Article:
April Moths

Nikon D800, 200mm Micro Nikkor lens, ISO 100, fill-flash, tripod.

Things are at last beginning to move despite the wet weather. The Streamer is a moth that I don’t  come across that often despite it being reasonably common. It inhabits woodland and shrubby areas where the foodplant grows. It is fairly common throughout most of Britain, but more abundant in the south. The larvae feed on the flowers and leaves of Dog Rose. It rests by day on branches and the trunks of trees.

Mullein Moth Cucullia verbasci

Nikon D800, 200mm Micro Nikkor lens, ISO 100, fill-flash, tripod.

 The Mullein, is a curiously-shaped moth and is perhaps more frequently seen in the larval stage than as an adult. The wings are scalloped and have a brown stripe. When at rest it resembles a dead piece of wood or plant stem. It appears in April and  is common in England – less so in Wales. The larva feed on different species of Mullein, but has also been observed on Buddleia.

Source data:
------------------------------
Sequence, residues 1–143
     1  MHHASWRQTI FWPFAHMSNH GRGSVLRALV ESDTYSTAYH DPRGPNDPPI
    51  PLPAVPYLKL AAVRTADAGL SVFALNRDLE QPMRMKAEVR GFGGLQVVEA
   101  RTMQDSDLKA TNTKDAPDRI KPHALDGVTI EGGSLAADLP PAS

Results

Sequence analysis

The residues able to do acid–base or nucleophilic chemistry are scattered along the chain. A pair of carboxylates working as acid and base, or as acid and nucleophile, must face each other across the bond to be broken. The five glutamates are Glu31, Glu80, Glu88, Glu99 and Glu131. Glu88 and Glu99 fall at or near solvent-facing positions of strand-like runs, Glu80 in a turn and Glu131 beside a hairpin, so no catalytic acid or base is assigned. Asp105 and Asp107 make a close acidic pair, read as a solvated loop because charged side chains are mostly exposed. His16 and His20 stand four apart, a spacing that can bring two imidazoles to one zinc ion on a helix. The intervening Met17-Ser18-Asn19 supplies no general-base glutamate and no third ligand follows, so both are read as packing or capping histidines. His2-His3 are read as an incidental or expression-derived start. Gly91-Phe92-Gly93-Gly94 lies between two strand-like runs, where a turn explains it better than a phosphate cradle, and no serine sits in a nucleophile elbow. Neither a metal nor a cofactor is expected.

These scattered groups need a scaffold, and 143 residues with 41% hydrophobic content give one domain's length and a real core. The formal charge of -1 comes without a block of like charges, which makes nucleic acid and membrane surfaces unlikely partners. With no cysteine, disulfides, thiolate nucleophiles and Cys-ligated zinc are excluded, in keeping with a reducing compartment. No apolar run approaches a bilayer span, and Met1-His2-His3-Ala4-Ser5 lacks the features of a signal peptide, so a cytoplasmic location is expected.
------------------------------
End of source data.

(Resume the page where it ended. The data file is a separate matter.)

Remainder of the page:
Early Thorn Selenia dentaria

Nikon D3X, 200mm Micro Nikkor lens, ISO 100, fill-flash, tripod.

This is one of my favourite spring moths. I have come across this species many times, but never get tired of photographing the adults. The moth is quite variable and produces two generations – the spring adults tend to be larger and darker, while the autumn generation is usually smaller and paler in colour. Adults rest among leaves and branches of trees and shrubs during the day. Their fragmented colours and scalloped wings make them blend seamlessly into the background. The moth is common throughout Britain and has a preference for woodland and gardens.

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